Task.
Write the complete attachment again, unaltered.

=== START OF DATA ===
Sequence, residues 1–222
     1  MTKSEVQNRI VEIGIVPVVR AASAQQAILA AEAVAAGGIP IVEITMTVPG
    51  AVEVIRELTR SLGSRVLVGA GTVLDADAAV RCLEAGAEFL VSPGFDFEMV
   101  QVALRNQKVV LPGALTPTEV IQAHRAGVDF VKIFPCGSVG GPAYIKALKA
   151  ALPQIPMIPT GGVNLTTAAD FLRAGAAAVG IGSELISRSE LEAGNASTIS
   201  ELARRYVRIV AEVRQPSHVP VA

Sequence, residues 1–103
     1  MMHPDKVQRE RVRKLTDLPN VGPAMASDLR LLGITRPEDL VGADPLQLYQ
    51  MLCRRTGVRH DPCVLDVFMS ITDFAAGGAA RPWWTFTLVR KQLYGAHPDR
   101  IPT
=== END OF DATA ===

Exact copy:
Sequence, residues 1–222
     1  MTKSEVQNRI VEIGIVPVVR AASAQQAILA AEAVAAGGIP IVEITMTVPG
    51  AVEVIRELTR SLGSRVLVGA GTVLDADAAV RCLEAGAEFL VSPGFDFEMV
   101  QVALRNQKVV LPGALTPTEV IQAHRAGVDF VKIFPCGSVG GPAYIKALKA
   151  ALPQIPMIPT GGVNLTTAAD FLRAGAAAVG IGSELISRSE LEAGNASTIS
   201  ELARRYVRIV AEVRQPSHVP VA

Sequence, residues 1–103
     1  MMHPDKVQRE RVRKLTDLPN VGPAMASDLR LLGITRPEDL VGADPLQLYQ
    51  MLCRRTGVRH DPCVLDVFMS ITDFAAGGAA RPWWTFTLVR KQLYGAHPDR
   101  IPT